Is There Love That Lasts a Lifetime?

The short answer to this question is a resounding “Yes!"  A million times over, “Yes!” “Yes!” “Yes!”

So why does there seem to be an ever-growing plethora of terms such as:



"conscious uncoupling?"

The Western-World culture has been answering this question with a common theme that has, in my strong opinion, been totally off-mark. Most of the advice offered has to do with finding someone that is “compatible” or techniques and tools for better communication and interaction. Finding someone who shares common values and ideologies is important, for sure. And, no doubt, the majority of people in our culture are accustomed to interacting with others in a communication style that is fraught with overtones of sarcasm, manipulation, and narcissism. However, there is a pervasive mindset that has far more to do with failing relationships.

In the 1960’s, as science began to be more involved in scientific fields such as: neurology, psychology, psychiatry, and sociology, a researcher by the name of Dorothy Tennov was attempting to further understand and describe what happens when someone “falls in love”. The word love, itself, didn’t seem to suffice. One might love pizza, love their dog, and love their fiancée. However, those three uses of love carry meanings that are obviously very different. She needed a term that differentiated this concept from other common uses of the word, so she coined the term:


Haven’t heard of limerence before? You’re not alone!

A few years ago I was attending a conference on marriage. The vast majority of the audience of 400 or so was made up of professionals such as therapists, psychologists, counselors and social workers. Dr. Patricia Love (her actual name), a nationally recognized relationship expert, was the keynote speaker. Her speech that day kept referring to this other type of love but not once did she use the word limerence. I kept thinking to myself, “surely she knows the term”! So, at the close of the session, I made my way to the front of the room and introduced myself and thanked her for her important speech. Then I asked her why she never used the term “limerence”. Her reply: “Most of these people wouldn’t know what I was talking about”.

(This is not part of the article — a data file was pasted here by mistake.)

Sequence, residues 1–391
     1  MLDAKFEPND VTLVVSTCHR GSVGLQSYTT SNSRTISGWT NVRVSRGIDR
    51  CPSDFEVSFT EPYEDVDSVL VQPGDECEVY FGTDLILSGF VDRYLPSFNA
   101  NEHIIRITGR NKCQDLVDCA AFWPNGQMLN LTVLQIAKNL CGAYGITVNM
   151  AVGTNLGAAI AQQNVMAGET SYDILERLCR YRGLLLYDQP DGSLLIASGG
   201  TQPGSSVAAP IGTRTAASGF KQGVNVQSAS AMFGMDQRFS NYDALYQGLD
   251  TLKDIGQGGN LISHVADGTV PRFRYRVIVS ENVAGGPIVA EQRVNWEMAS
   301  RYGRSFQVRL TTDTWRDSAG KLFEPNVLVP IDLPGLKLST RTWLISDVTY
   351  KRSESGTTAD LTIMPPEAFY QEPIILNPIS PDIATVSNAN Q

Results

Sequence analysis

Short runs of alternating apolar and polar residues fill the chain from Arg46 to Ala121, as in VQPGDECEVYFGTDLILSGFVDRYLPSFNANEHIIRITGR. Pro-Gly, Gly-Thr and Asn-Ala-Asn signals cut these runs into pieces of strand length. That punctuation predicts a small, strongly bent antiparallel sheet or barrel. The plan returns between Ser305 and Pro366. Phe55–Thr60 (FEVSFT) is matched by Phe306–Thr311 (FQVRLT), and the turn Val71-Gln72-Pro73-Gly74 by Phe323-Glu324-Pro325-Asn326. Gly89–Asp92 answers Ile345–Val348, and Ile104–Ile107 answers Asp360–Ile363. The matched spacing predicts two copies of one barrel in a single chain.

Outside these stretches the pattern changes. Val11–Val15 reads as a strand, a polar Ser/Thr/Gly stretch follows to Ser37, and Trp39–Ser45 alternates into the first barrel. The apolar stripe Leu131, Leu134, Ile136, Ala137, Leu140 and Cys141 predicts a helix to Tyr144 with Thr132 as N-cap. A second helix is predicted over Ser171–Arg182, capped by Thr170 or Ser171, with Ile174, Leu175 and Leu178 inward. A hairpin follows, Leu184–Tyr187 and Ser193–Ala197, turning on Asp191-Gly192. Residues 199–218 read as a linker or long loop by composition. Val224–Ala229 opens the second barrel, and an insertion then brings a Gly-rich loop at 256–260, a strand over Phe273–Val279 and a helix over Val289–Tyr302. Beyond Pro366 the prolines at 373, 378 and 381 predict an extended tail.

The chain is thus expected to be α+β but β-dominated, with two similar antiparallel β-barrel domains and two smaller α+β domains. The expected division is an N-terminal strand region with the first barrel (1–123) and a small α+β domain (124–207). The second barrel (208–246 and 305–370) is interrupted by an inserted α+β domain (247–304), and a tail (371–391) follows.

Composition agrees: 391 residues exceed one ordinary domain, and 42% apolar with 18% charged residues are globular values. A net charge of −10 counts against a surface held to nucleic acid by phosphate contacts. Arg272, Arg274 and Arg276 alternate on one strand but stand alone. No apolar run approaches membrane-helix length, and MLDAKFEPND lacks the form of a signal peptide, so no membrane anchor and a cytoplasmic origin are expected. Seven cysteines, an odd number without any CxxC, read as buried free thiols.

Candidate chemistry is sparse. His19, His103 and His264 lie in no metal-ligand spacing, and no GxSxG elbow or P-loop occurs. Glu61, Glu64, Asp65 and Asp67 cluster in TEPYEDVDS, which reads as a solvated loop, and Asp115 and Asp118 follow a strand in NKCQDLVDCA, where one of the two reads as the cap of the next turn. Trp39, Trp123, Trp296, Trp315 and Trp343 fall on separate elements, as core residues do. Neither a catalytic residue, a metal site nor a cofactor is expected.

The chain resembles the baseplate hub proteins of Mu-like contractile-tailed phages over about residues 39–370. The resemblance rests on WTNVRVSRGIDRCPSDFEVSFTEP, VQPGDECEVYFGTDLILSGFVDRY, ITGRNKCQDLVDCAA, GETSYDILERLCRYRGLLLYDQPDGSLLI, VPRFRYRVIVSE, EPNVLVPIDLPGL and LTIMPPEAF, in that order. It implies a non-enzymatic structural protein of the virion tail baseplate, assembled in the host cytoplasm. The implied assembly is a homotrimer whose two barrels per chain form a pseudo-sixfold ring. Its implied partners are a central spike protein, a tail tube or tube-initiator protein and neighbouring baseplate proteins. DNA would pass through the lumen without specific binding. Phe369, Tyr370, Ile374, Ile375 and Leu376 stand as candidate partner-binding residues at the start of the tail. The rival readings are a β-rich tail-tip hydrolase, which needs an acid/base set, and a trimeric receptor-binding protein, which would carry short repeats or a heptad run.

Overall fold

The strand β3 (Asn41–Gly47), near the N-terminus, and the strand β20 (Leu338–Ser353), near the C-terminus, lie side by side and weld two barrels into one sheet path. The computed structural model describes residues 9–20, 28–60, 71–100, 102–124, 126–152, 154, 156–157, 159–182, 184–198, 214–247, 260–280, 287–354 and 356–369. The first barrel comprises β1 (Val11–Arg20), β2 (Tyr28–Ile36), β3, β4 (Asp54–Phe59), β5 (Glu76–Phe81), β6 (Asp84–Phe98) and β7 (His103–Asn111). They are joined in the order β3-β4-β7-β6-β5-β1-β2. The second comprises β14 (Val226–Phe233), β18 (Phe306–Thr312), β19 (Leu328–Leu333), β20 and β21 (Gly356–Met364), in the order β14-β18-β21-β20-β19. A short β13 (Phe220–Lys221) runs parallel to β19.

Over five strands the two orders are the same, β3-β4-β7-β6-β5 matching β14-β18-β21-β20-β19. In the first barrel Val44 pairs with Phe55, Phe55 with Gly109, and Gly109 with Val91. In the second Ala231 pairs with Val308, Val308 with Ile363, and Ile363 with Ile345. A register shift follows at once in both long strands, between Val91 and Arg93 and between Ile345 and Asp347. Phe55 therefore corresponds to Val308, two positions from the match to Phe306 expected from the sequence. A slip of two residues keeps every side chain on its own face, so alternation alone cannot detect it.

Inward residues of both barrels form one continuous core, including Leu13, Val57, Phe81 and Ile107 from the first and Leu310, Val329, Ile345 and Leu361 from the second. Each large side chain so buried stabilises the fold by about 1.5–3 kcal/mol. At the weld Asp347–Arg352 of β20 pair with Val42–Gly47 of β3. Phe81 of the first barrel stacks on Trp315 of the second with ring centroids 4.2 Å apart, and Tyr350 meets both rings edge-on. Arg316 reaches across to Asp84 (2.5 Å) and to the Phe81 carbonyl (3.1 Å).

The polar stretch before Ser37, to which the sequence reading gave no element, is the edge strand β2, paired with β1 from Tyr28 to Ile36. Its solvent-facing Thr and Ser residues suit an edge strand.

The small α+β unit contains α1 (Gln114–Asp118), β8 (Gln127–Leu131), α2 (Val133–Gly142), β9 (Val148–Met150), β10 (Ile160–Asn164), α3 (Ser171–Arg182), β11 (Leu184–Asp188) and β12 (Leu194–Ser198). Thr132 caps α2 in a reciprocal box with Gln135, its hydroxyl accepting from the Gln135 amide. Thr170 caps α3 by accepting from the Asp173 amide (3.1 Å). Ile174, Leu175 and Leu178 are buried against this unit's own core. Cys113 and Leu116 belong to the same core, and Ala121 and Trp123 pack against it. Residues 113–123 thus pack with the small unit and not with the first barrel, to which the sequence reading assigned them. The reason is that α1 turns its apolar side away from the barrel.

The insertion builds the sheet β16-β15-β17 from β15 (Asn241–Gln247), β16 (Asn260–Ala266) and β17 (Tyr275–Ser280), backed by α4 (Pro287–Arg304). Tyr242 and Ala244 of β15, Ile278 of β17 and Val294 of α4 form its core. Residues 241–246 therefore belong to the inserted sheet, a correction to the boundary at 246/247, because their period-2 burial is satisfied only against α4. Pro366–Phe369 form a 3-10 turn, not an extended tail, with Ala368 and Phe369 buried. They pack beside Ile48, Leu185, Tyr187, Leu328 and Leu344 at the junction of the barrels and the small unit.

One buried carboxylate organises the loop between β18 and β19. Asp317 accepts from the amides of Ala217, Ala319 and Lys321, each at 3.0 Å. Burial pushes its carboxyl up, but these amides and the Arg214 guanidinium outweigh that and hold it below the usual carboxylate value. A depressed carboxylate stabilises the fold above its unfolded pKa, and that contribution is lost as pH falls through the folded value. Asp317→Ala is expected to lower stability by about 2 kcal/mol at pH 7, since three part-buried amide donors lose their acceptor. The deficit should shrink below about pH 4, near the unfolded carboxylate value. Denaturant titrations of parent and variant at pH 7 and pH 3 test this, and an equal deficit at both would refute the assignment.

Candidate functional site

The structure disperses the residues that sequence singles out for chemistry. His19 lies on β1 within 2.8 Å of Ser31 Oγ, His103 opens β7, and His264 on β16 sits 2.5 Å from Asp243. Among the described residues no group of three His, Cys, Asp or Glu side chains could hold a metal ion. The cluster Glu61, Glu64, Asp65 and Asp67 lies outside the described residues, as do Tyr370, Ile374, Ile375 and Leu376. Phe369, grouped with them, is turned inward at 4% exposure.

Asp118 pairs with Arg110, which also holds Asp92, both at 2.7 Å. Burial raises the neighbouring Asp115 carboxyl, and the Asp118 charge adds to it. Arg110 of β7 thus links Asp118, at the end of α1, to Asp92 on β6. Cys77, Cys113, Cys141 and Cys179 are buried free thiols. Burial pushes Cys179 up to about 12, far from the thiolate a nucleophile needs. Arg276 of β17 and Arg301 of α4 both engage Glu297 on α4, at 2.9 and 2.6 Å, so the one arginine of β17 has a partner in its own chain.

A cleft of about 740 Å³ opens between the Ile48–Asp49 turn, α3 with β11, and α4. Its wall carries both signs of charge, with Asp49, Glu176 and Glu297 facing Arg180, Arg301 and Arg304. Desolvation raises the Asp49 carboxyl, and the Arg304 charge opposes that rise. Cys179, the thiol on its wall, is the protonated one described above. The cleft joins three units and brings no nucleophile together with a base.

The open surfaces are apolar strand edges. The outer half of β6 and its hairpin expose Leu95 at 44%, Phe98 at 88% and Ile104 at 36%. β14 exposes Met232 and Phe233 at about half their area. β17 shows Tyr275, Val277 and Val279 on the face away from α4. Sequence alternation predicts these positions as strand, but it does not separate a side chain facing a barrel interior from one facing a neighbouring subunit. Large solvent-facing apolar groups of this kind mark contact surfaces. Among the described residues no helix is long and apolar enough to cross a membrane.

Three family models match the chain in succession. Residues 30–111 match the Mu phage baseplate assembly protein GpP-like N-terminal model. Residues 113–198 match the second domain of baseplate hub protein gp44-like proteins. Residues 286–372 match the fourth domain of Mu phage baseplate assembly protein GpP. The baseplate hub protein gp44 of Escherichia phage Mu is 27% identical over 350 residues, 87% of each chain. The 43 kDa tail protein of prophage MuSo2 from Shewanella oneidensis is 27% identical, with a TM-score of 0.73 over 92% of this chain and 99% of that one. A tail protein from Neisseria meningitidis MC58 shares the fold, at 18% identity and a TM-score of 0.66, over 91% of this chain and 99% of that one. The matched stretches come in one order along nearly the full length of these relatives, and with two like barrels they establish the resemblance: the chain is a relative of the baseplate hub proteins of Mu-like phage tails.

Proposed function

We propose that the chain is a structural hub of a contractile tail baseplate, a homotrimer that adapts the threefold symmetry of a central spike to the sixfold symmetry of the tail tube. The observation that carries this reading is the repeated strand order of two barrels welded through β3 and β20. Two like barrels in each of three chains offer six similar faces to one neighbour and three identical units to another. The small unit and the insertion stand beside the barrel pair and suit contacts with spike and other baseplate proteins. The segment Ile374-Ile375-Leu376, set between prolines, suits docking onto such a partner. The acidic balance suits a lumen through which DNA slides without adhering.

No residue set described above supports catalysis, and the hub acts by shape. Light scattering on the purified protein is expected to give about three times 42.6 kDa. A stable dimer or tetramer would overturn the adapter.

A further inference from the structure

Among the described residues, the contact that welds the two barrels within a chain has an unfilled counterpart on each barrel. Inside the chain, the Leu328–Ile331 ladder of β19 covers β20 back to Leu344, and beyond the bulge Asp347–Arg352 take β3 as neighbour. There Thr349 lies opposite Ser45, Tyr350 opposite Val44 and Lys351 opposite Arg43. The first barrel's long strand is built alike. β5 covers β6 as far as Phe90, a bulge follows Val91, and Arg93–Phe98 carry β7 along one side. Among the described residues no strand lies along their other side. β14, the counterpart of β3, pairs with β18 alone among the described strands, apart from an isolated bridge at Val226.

That reply has continued to trouble me, although I have to agree with her. It’s so troubling to me because, over the past 4 decades there has developed an overwhelming body of research on the subject. I strongly encourage everyone who intends to engage in a couple relationship, or anyone who has done so, to look into it! I just did a quick “google” of the word and came up with over 200,000 entries.

I’m not going to take the time here to go into detail on how neuro-transmitters are not in their normal state during limerence. I also won’t elaborate on how someone in limerence tends to behave practically identically to a cocaine addict. I won’t take the time to expound on how limerence seems to “trick” us into thinking we are getting someone totally different than what we actually get. Limerence is not a bad thing. It is just a human phenomenon that most people will experience, through a period, at least once in their lifetime.

What I want to focus on here is the fact that limerence runs a course that doesn’t last. The typical term for limerence is only about 6-18 months. In uncommon instances it lasts for up to 3 years and, occasionally, it can even last 5 years. Many want to know how to make it last longer than the basic 6-18 months and the answer is a pretty straightforward formula: To make limerence last longer, stay away from the one you are in limerence with. (I have yet found someone who has been successful in applying this formula)

In simpler terms, limerence is the illusion of being fully accepted… the basic reason we seek out a mate in the first place. The reason limerence is so powerful is because we have such a strong, innate drive to be accepted. When we believe we are accepted, whatever or whomever supplies that belief becomes irresistible. 

But, eventually, we discover that they have flaws and issues, and they discover the same about us. And so, the limerence begins to fade away, providing fodder for numerous songs and poems with phrases like, “you’ve lost that loving feeling” and “trying to get the feeling again”.

So here’s what it all boils down to: 


Sure, it feels great but it goes away. Real love CANNOT go away. If you truly love someone, that love is not based on how they make you feel. It is something you choose to do. Sometimes you have to recommit to that choice several times in one day. Someone who loves their child does not refuse to change their dirty diaper simply because they’re not “feeling it”.

Now the good news: There are couples who have lifetime love, who love each other more after 50 years of marriage than they did back during the honeymoon. This love is a much more profound love than two people who are in the throes of a wild affair. (By the way, there are recent studies that indicate many couples who have been married for 30+ years have similar neurotransmitter proportions to those who are in limerence) This love has been through some deeply troubling times together. This love has shared decades of events that have laid bare most of the facades, insecurities and warts we all try to hide. And the biggest reason it is so strong is that there is no longer an illusion of acceptance… the acceptance is real.